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At *Economic Forces*, our tagline is “Pondering price theory, past and present.” Obnoxious alliteration aside, we chose that because we think the *past *is also important to our understanding of price theory today. Economic history and the history of economic thought can teach us a lot about price theory.

For this week’s newsletter, I want to dig into a famous paper by Armen Alchian titled “Costs and Outputs,” both to remind myself of the insights and to let all y’all know. From my understanding, the paper grew out of confusion around the measurement of costs for weapons systems. Alchian wrote the paper for the RAND Corporation to help clarify for the military what they were actually measuring. As with any good price theory, the point of the theory is to better understand real-world problems.

Alchian’s paper emphasizes three aspects of costs that are ignored in most discussions of cost curves.

The distinction between rate and quantity of output

The use of capital value concepts of cost

The use of calendar time for output

Let’s dig into these three points.

## Rate vs. Quantity of Output

If people know Alchian’s paper, it’s for the first idea. As Jack Hirshleifer explained in a follow-up paper that you should also read, “*The key idea* [in Alchian} is that cost can be regarded as a function of the quantity of "output" in two different dimensions: rate of output, and scheduled volume of output.” This idea is really important and clarifies some confusion around cost-curves.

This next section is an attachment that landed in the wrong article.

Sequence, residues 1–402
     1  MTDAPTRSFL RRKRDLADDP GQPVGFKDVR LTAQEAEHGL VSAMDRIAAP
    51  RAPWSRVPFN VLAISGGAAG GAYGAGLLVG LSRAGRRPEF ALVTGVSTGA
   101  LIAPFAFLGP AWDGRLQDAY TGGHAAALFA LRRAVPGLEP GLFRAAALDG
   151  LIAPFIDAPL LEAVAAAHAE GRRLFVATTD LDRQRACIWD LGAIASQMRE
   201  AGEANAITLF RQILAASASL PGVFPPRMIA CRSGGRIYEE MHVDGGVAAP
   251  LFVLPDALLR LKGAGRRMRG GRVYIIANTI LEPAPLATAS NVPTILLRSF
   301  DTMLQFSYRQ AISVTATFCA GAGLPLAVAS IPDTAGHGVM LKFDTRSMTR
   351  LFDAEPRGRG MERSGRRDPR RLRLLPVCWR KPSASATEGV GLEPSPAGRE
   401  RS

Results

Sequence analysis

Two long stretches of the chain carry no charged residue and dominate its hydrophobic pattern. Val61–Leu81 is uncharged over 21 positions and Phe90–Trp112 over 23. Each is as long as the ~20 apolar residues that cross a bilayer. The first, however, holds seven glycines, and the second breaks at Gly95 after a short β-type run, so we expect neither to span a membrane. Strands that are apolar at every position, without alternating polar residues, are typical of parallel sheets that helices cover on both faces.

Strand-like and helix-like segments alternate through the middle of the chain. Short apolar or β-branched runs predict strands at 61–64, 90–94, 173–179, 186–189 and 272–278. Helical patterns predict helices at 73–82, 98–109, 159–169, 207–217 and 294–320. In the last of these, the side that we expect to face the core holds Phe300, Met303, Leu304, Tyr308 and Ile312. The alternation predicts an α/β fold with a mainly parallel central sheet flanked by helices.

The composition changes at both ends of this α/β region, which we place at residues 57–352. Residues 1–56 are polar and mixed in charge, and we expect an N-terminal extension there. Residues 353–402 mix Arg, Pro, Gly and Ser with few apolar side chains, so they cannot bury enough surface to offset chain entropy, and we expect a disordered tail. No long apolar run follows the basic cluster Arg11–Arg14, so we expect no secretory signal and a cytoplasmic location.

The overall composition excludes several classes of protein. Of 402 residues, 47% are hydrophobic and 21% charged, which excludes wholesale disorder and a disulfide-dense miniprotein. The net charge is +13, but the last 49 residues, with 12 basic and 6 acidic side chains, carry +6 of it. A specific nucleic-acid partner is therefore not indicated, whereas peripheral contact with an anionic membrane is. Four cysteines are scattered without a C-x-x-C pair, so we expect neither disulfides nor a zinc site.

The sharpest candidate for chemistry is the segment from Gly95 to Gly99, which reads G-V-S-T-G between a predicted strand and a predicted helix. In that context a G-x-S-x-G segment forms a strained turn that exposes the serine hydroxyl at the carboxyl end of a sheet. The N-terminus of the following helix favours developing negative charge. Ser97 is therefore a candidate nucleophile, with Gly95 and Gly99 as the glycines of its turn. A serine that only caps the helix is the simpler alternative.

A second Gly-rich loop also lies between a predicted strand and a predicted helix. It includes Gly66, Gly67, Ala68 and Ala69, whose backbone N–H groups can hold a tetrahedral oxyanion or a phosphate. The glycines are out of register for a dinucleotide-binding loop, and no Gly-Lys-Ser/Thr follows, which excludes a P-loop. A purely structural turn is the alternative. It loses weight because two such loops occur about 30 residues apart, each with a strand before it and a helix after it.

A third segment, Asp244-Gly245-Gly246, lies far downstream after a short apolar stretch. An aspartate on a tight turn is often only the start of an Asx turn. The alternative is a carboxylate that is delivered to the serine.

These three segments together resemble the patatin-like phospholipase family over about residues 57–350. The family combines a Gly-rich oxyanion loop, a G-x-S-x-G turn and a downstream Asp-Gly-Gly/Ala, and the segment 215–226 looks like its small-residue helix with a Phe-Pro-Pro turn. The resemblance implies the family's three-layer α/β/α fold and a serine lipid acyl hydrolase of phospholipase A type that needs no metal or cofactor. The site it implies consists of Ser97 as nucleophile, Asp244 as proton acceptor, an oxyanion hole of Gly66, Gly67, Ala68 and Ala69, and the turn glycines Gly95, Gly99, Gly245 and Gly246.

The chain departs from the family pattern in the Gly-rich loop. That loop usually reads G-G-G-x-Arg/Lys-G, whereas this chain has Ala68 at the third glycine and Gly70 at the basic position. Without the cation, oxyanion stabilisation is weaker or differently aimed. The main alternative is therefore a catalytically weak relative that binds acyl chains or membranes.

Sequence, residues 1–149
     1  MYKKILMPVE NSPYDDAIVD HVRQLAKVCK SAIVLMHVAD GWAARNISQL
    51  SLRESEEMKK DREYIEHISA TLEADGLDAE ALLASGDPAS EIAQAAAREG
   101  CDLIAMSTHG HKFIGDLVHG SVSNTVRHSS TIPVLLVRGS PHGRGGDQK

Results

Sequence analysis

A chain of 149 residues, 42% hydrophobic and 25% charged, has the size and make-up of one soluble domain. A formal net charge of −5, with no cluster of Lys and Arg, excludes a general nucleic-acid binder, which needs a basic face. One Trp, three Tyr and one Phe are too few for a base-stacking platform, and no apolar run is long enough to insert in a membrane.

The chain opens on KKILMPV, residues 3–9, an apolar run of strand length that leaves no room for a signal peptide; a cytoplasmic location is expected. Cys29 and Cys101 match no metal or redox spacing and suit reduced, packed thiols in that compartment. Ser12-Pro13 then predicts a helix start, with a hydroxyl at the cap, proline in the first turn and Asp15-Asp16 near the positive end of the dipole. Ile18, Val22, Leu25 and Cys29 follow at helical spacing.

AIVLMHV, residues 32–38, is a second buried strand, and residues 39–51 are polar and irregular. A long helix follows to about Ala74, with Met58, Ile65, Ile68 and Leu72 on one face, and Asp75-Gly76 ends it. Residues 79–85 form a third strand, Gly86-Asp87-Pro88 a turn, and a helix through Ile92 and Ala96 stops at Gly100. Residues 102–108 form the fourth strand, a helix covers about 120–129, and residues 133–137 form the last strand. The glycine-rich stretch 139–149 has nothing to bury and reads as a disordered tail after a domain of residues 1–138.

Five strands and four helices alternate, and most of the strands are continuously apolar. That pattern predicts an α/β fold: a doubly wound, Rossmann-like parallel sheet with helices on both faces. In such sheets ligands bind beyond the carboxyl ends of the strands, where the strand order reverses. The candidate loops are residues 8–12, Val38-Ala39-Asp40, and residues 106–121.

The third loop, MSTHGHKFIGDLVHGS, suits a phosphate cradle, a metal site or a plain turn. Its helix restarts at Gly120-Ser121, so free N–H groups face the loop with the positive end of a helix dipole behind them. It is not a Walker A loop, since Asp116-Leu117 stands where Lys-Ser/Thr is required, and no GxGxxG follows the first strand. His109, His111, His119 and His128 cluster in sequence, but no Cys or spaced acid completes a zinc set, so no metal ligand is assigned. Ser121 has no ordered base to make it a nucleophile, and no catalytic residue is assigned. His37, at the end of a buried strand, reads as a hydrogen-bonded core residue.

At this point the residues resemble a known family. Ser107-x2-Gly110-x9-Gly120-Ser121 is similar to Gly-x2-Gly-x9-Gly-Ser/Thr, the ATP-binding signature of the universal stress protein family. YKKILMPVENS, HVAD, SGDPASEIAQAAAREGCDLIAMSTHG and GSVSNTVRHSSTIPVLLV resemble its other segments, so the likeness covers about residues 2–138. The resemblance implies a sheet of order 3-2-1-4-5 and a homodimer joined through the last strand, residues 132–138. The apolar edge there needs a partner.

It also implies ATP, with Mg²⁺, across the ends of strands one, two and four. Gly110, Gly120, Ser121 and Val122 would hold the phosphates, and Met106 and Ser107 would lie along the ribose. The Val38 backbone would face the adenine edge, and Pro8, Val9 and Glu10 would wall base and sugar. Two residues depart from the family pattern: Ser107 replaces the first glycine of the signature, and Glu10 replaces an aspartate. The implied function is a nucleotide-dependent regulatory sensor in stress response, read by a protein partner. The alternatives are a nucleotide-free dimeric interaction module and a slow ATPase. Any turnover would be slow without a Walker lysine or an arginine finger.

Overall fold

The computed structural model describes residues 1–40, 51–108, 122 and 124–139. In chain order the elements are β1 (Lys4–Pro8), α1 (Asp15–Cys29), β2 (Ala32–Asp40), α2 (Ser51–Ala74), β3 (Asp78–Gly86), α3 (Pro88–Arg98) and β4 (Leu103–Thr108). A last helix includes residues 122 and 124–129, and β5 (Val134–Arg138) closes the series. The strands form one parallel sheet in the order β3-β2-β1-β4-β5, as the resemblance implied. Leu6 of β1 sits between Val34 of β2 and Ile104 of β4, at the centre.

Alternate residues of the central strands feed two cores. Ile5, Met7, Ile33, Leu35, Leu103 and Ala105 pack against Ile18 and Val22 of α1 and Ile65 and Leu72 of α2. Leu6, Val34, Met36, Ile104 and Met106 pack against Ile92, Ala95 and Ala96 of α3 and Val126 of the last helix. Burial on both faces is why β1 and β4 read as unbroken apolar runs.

When we draw supply and demand, or just the cost curves underlying supply, we put the price (P) on the y-axis and the quantity (Q) on the x-axis. We (myself included) are often sloppy with the exact units we are considering and that leads to some confusion.

For example, we usually draw our cost curve, the marginal cost at least, as upward sloping. As quantity increases, cost increases. But when we look out at the world, higher quantities seem to be associated with **lower **costs. What gives?

Alchian gives us a partial reconciliation of this problem. The quantity we are graphing holds the time of production fixed. The “cost” should be thought of as a **rate**, quantity per unit time, instead of simply a quantity. If a factory needs to increase the quantity produced on a particular day, then it is more reasonable that costs increase with higher quantities per day. If we imagine our beloved widget factory and your shift leader is standing over your shoulder yelling more, you can produce more. But it gets harder to produce more widgets. In other words, production gets more costly.

While the rate/quantity distinction is important, it has tended to overshadow the two other ideas of Alchian’s paper. That’s unfortunate.

## Capital Value of Costs

What really makes Alchian’s approach unique, and gives rise to the other insights, is that that he makes clear that costs should be defined as the “change in equity caused by the performance of some specified operation, where, for simplicity of exposition, the attendant change in income is not included in the computation of the change in equity.”

In other words, take any hypothetical action. Ignoring the income generated, go to the balance sheet and account for any relevant costs. Start with a present value of assets is currently $100 and you see that at the end of the action, which happens a year later, the value of assets will be $80. In present value terms (at 6%), the firm will be worth $75.47. Therefore the cost of that action is, in the relevant present value (equity) terms, is $24.53.